The Utah attorney general's office and an Orem automobile dealership have reached an out-of-court settlement on a civil rights complaint filed in January.
The state filed a complaint against University Motors Sales and Leasing, 744 N. State Street, alleging a salesman refused to sell a car to a Brigham Young University student on Sept. 18 because the man is Chinese.According to the complaint, Gordon J. Liu asked salesman Matthew L. Miner if he could test drive a car that had a price of $2,395 written on the windshield. Just before opening the security key box on the car, Miner told Liu the car would cost $3,300 with taxes and license fees included.
Miner later told Liu that he would not sell him the car because he was Oriental, the complaint says. Later that day Liu contacted a Caucasian friend who purchased the same car from Miner for $2,450, which included taxes and license fees.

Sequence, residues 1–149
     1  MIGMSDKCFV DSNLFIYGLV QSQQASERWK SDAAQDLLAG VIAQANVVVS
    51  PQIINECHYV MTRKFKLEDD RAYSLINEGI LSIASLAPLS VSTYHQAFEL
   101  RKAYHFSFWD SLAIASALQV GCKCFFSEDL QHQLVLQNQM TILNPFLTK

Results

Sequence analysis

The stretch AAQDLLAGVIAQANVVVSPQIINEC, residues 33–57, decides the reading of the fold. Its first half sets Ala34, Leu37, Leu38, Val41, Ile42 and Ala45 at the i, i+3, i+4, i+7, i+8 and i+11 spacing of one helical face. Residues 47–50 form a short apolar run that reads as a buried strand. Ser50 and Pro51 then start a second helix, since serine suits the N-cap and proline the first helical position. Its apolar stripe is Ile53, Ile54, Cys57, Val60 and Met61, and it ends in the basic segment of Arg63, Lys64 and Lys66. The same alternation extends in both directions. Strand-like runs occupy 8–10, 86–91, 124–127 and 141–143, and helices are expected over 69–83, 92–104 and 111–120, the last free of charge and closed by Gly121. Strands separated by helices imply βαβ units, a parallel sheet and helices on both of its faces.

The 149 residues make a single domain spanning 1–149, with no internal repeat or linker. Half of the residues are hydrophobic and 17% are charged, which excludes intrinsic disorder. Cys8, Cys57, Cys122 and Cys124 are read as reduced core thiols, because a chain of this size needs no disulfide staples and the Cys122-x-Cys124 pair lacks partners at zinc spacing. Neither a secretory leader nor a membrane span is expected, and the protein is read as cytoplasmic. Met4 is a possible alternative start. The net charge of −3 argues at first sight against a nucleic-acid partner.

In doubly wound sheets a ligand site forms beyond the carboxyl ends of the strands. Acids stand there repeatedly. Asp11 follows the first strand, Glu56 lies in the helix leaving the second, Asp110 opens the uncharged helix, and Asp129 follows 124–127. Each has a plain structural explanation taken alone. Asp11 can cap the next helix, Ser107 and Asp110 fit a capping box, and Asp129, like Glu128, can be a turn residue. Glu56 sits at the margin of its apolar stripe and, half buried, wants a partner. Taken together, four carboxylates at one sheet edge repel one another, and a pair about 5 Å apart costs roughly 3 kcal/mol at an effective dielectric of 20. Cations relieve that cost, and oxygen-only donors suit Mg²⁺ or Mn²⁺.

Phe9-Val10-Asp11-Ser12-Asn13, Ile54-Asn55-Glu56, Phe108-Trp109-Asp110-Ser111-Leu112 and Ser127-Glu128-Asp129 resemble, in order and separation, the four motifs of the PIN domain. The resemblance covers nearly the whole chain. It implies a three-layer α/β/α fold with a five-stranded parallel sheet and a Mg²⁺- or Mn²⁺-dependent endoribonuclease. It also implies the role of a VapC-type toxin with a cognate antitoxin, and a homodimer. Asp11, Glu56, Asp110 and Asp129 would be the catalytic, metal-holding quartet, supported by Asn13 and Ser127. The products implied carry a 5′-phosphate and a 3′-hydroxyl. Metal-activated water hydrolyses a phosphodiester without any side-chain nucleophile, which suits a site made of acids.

Wayne Shoenfeld, owner of University Motors, said Miner was set up and his company has never discriminated against minorities.
However, University Motors and the state signed a stipulation three weeks ago that says the dealership will not discriminate against Liu or any other person and that it will implement policies and procedures to prevent discrimination in the future. If the state receives no further complaints against Miner or University Motors in the next year, the state will move to terminate the injunction.
The decree also says that Miner must apologize to Liu personally and in writing and that he and the dealership must pay Liu $500. The agreement prevents Liu from filing any other monetary claims against Miner and University Motors and the stipulation is not an admission of liability on the part of the defendants.